You have probably already heard a lot about Scrum being the most efficient methodology for software development. However, nowadays, there are a lot of other frameworks that help teams organize their work — all having their pros and cons. And it’s not always easy to see the differences between them and figure out what would be the best fit for your product.
Today, we’ll try to explain how Scrum relates to other methodologies and concepts you can hear about when it comes to project management.
Agile vs Scrum
Agile is the umbrella philosophy that underpins several methodologies. Scrum is one of the most popular of them along with Kanban and Extreme Programming. Hence, it’s not quite right to set Agile against Scrum because the former is just a more general concept that covers the later which is more specific.
The distinctive feature of all Agile methods is that they are lightweight, meaning that they strive to reduce heavy planning and excessive regulation. That’s why, agile software development is highly adaptable to changes, aimed at rapid delivery, constant improvements and accumulation of knowledge.
To make the difference between Agile and Scrum more clear, here’s how these two concepts correlate:
- Agile is the generalized approach to software development, while Scrum is one of the ways it’s implemented.
- Agile does not have specific instruction on how the work should be done — it’s just a set of values and principles. Scrum includes rules and prescriptions that are based on these values and principles.
Summing up: One cannot choose between Agile and Scrum because if you opt for Scrum software development, what you actually choose is the Agile project management with Scrum.
Kanban vs Scrum
Both Scrum and Kanban are Agile methodologies. And since they’re built on the same philosophy, there are some similarities between these two approaches. For example, like in Scrum, the work in Kanban is done iteratively and the development process is quite flexible. However, the way a team collaborates and do the tasks is different.
In Japanese, the word “kanban” means “billboard” and the methodology got its name because it utilizes so-called kanban board. The board represents the items in a product backlog and, traditionally, it contains three key sections: tasks to be done, tasks in progress and completed tasks (see below). Yet, there might be some variations in software development, for example, a team may split the “in progress” column into “coding” and “testing” if needed.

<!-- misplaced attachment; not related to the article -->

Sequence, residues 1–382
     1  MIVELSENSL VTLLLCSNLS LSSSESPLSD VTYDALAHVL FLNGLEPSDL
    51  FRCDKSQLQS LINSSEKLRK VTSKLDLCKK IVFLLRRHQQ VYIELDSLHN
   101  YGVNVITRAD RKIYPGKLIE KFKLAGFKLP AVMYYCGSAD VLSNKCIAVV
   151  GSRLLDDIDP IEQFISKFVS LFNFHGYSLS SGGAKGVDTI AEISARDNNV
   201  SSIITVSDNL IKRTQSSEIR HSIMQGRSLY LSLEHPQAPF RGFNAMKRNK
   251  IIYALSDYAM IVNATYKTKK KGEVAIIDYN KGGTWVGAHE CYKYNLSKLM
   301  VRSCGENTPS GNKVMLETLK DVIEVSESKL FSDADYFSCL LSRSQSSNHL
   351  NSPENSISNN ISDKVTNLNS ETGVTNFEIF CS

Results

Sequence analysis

Speaking about the Scrum vs Kanban, the differences are the following:
- Process. While Scrum development process consists of fixed-duration sprints, the work in Kanban occurs as a continuous flow.
- Prioritization. In Scrum, the tasks are pulled from product backlog in batches that form a sprint backlog. In the case of Kanban, a team delivers feature sets on an as-needed basis and it starts the new tasks only after the previous one is completed.
- Team roles. All members of a Scrum team have their own roles and responsibilities. In Kanban, the roles are not strictly defined and the team members are encouraged to collaborate.
- Modifications. The changes in Kanban can be made any time during the development process. Scrum framework allows for the modifications only after a sprint is completed and any changes that jeopardize the sprint goal are prohibited.
Summing up: Kanban and Scrum are both efficient methodologies which are frequently applied in software development. Yet, Scrum has more strict rules in terms of roles and delivery timelines, while it still remains flexible and may be easily adapted to new conditions. This allows a team to avoid chaos and keep the cadence. At the same time, since Scrum is more structured and predictable, clients receive their increments on predefined regularity and can better understand what’s happening on the project.
Waterfall vs Scrum
When it comes to software development, the confrontation between Waterfall methodology and Scrum (or even Agile vs Waterfall) is deemed to be the toughest one. This is because these two models represent diametrically opposite approaches to the way a product is created.
Waterfall is a conventional project management methodology — it’s linear and sequential. This means that the whole process is broken into stages which go one after another. A team has to finish one phase of the development before the next phase can begin. The classic waterfall model of a software development process includes five stages: writing software requirements specifications, creating design, implementation (or coding), verification (or testing), and maintenance.
Waterfall and Scrum do not have much in common, so the list of differences can be really huge. But here are the most crucial of them for you to grasp the basic concept:
- Planning. Waterfall assumes that requirements are well-documented before the coding starts. This stage of the process usually takes a lot of time, so the delivery of the first feature set is postponed until everything is planned. At the same time, Scrum does not have a lengthy pre-development stage — the team can start coding once the backlog for the first sprint is defined.